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Teladoc makes money by charging its clients a subscription fee, and then its members a visit fee
There are a number of digital health companies that have gone public in recent years, including iRhythm Technologies, Vocera Communications, Greenway Health and Avinger, as well as a number who might decide to go public this year, such as Grail and Oscar. Yet, there is still only one telehealth company that has had an IPO: Teladoc.
Founded in 2002, Teladoc described itself in its S-1 form as "the nation's first and largest telehealth platform, delivering on-demand healthcare anytime, anywhere, via mobile devices, the internet, video and phone." The company sell its platform to companies, who buy it on behalf of their employees.
Currently, it has over 12,000 clients, including more than 40 percent of Fortune 500, giving care access to 20 million members in 130 countries, delivering that care in more than 30 languages.
The company breaks its revenue down into two buckets: subscription access fees and visit fees. While subscription access fees are paid by Teladoc's clients on behalf of their employees, dependents and other beneficiaries, visit fees are paid by either the clients or members themselves. Essentially, the way that Teladoc makes money is by not only charging its clients, who pay so that the members can access the service, but also its members, who pay Teladoc to use it.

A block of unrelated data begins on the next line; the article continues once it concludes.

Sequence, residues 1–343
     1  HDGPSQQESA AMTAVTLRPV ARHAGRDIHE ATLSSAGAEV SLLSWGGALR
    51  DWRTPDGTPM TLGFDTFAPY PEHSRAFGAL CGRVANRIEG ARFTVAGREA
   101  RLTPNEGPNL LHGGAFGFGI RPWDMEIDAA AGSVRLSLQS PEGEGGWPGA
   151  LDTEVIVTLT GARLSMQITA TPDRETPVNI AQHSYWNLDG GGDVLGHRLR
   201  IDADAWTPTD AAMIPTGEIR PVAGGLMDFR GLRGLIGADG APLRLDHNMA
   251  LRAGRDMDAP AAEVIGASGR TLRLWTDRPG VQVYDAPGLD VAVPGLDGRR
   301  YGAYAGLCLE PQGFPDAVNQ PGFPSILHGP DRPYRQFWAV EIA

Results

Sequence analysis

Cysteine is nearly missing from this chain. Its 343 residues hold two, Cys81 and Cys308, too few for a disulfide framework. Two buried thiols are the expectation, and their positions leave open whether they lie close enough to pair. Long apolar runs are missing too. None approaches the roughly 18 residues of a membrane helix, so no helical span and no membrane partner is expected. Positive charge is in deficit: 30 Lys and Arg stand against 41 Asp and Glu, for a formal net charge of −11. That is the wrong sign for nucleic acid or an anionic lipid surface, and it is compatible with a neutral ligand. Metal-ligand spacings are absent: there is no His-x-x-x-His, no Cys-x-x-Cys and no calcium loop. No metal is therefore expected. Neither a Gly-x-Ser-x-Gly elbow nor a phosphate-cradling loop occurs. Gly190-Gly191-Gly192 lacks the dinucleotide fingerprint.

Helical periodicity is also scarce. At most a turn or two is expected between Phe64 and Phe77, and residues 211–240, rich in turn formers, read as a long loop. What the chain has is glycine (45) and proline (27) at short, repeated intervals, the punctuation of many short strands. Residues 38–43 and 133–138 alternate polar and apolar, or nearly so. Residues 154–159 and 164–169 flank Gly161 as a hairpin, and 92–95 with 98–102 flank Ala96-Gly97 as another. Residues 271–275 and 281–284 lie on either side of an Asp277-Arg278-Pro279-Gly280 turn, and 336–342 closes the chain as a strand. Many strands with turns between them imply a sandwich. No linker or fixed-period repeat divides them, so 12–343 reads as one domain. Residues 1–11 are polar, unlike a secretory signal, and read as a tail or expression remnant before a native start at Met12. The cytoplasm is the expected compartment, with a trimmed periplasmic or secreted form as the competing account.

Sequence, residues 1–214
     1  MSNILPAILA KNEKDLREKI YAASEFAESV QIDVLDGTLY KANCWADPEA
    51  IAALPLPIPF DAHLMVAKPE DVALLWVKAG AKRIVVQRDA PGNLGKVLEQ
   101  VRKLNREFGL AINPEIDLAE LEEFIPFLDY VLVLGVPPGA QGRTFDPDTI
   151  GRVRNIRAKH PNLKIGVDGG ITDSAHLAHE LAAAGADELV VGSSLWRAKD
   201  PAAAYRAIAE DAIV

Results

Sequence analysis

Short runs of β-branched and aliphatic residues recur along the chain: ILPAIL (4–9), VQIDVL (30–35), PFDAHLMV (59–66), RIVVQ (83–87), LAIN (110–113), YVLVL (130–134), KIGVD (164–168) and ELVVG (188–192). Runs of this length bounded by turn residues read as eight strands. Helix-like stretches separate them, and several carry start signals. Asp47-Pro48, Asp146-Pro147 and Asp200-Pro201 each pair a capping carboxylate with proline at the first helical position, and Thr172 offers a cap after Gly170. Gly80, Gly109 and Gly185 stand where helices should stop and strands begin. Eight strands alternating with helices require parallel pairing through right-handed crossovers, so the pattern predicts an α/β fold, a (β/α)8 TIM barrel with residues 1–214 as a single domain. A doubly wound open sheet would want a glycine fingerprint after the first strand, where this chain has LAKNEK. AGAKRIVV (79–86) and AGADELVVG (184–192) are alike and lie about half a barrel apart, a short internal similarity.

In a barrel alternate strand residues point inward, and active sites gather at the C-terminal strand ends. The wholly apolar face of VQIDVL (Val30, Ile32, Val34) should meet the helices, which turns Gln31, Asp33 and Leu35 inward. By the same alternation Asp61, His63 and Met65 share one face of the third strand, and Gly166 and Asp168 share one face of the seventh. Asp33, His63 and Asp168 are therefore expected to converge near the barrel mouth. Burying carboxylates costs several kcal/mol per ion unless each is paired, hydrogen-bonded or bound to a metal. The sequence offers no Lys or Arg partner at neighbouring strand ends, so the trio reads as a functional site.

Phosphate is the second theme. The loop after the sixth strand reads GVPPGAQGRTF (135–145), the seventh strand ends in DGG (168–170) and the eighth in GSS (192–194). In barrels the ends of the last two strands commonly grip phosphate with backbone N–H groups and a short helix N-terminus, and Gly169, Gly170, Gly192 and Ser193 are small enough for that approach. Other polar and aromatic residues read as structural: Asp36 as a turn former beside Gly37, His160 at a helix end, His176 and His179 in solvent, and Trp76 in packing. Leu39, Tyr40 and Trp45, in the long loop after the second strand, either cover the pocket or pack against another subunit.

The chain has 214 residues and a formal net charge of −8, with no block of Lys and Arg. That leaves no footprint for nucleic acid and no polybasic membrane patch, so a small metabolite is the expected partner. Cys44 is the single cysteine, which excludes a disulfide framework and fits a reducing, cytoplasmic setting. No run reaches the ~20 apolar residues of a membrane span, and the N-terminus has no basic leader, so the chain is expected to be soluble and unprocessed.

Teladoc says in its FAQ section that, "the cost of a Teladoc visit varies, depending on your plan design," though in its S-1 in 2015, the company said that members can access the service at $40 per visit.
This model is in contrast to the company that is likely Teladoc's closest rival, and the most likely telehealth company to join it on the public market, Doctor On Demand. That company takes a B2C approach, rather than the B2B approach of Teladoc, charging customers a flat $40 fee. Then, out of that $40, the physician gets $30, meaning Doctor On Demand takes 25 percent of the the cost of each visit.
In the full year of 2018, Teladoc saw $417.9 million in revenue, up 79 percent from the $233.2 million it made in 2017. Of its 2018 revenue, $350.8 million, or 84 percent, came from subscription revenue, while visit fees only made up $67 million, or 16 percent. These percentages were virtually unchanged from 2017.
While Teladoc is primarily a B2B business, selling its services to clients on behalf of their employees, it also has a direct to consumer component as well in BetterHelp, a provider of direct to consumer access to behavioral and mental health services, which the company acquired in 2015.
In the company's fourth quarter earnings call, Teladoc CEO Jason Gorevic revealed that BetterHelp has made upwards of $60 million in revenue in 2018, which would make it at least 17 percent of Teladoc's total revenue.
"We were very, very pleased with the performance of BetterHelp. And I would say across our entire spectrum, behavioral health is a shining star. When you look at both the direct-to-consumer BetterHelp business, we have some B2B better health business although relatively small. And then of course we have our commercial behavioral health. All of that is growing very, very quickly massive demand from clients and that's where we see the biggest bundling," Gorevic said in the call.
Prior to going public, Teladoc had raised $171.9 million in venture funding from investors that included Silicon Valley Bank, Cardinal Partners, QuestMark Partners, Greenspring Associates, FLAG Capital Management, New Capital Partners, Triden Capital, Kleiner Perkins, Icon Ventures and HLM Venture Partners.
(Image source: https://www.teladoc.com)
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BetterHelp changes the way people get help to conquer life's challenges.
Facing obstacles alone can be daunting. Support and guidance from a professional counselor has been shown to make big changes. We created BetterHelp so anyone can have convenient, discreet, and affordable access to professional help.